Lululemon is coming to an office (and golf course) near you

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June 6, 2024

Lululemon Athletic Inc. just accomplished a difficult feat. The Canadian leggings and tights manufacturer reported better-than-expected first-quarter earnings and improved its full-year profit outlook. Shares rose as much as 9% in premarket trading.


But the company still faces a whole host of challenges and needs to evolve further, especially by adding more products to its apparel offering designed to be worn outside the gym.

Lululemon effectively invented athleisure and once dominated the category. Lately, however, newer vendors including Alo Yoga, with its trendy styles and colors, and Vuori are gaining traction. Meanwhile, Inditex SA’s sports and leisurewear Oysho was the fastest growing brand last year, growing at almost twice the rate of its flagship Zara.

Retailers from Free People to Gap Inc. to Target Corp. all have training sequences. Because Lululemon already has the largest market share in North American women’s apparel, expansion is becoming increasingly difficult at a historically breakneck pace, according to Bernstein analysts.

The fashion cycle is also changing. After the slim-leg silhouette reigned supreme from 2006 to 2016, wider pant styles are now on the rise. Loose attacks were a hit in the first quarter, Lululemon CEO Calvin McDonald told Bloomberg News on Wednesday.

Yet the company is most associated with the sculpted leggings look, and with well-heeled customers who look like they just stepped out of Pilates without breaking a sweat. That doesn’t fit with the latest TikTok trends, such as Blokecore, which are about dressing as if you really do sports. Think an Adidas three-stripe hoodie instead of a Lululemon wrap top.

Many of the company’s customers are also likely to be affluent, but not super-wealthy, shoppers who have retreated from luxury purchases thanks to inflation and higher borrowing costs. $100 leggings may just not be worth it.

Against this background, the company must ensure that the range of colors and sizes is sufficiently wide. It does not want a repeat of the bag shortage of the first quarter. After the success of the Everywhere Belt Bag last year, there wasn’t enough stock of alternative items to make up for the backlog as demand for the viral hit waned. No wonder same-store sales in America, its biggest market, were flat in the three months to April 28.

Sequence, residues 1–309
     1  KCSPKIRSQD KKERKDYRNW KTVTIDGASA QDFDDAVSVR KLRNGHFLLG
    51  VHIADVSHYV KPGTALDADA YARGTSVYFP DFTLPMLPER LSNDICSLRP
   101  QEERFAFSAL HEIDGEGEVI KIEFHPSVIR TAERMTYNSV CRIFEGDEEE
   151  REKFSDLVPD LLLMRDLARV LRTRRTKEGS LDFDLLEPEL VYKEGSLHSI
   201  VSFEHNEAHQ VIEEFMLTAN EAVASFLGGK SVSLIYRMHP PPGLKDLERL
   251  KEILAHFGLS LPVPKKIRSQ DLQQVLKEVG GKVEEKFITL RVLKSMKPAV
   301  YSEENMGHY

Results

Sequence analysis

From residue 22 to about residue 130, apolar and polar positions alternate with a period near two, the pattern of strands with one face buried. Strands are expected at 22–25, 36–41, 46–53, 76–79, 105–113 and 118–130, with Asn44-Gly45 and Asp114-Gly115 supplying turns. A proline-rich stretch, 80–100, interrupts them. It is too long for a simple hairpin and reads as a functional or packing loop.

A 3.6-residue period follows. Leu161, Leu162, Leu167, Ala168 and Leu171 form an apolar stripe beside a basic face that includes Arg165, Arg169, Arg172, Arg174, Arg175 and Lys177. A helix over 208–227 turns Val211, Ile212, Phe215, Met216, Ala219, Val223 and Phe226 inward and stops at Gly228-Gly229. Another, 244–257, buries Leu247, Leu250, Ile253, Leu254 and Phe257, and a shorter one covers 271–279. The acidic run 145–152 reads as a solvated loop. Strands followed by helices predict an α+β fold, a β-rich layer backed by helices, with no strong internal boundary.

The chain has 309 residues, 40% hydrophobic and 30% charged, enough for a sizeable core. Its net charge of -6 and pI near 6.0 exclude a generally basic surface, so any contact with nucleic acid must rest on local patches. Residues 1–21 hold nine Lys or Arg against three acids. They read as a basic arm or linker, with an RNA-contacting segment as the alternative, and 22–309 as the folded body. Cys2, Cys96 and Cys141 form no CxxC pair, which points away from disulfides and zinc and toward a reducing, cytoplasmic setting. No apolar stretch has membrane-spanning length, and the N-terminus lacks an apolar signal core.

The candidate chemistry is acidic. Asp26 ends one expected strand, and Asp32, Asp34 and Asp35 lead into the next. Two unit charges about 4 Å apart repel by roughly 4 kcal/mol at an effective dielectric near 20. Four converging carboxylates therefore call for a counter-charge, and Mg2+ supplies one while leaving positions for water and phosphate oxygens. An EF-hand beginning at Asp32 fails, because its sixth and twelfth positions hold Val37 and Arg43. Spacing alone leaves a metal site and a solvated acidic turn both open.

But amid a sea of ​​newcomers, Lululemon still enjoys tremendous brand recognition. And while markdowns are being made to shift excess inventory, it remains clearly premium. And most importantly, the company has successfully made the transition into workout gear that can pass for more formal wear with the ABC pants, popular with Wall Street bankers.


Lululemon has shown it can tap into the demand for classic but comfortable with its men’s range, which was the fastest growing part of the business in the first quarter. It goes beyond the ABC Pant with a new polo shirt, which hides the appearance of sweat and can be worn on the golf course (another area of ​​focus) or in the office.

Now things could go even further in women’s clothing. It has some more formal styles, but wider leg trousers, dresses, jumpsuits and smarter jackets could make up a bigger part of the range. For example, it could do more with its fabric technology and design skills to create moisture-absorbing workwear that can be worn to cycle to the office and then confidently all day.

As consumers have shifted to online shopping, mid-market fashion has been eroded, with names like J Crew and Gap’s Banana Republic shrinking their retail bases. This leaves room for alternatives. Lululemon has a strong online and physical store presence, so if it can run effectively, it should be able to benefit.

Given the success of the Everywhere Belt Bag, there is also a rich seam of accessories to be found. And while demand in America is slowing, Lululemon’s international sales are growing, with same-store sales up 29%, excluding currency fluctuations in the first quarter.

The reassignment of responsibilities following the departure of Chief Product Officer Sun Choe, who recently left the retailer for the top job at VF Corp.’s Vans, presents an opportunity to further expand into these categories. The company could even consider bringing in a top designer to work with creative director Jonathan Cheung. After all, the appointment of Zac Posen seems to be working for Gap.

Becoming more mainstream obviously brings other challenges. It would compete with a much wider range of rivals than those focused solely on athleisure – for example, not just Zara and its low-key luxury sibling Massimo Dutti, but also more accessible luxury names, such as Ralph Lauren Corp. and Hugo Boss AG.

The risk is worth taking. Shares are down about 40% from the start of this year through Wednesday’s close.

Expanding the more flexible range will take time. But the fact that its first-quarter performance wasn’t as bad as feared gives Lululemon more wiggle room.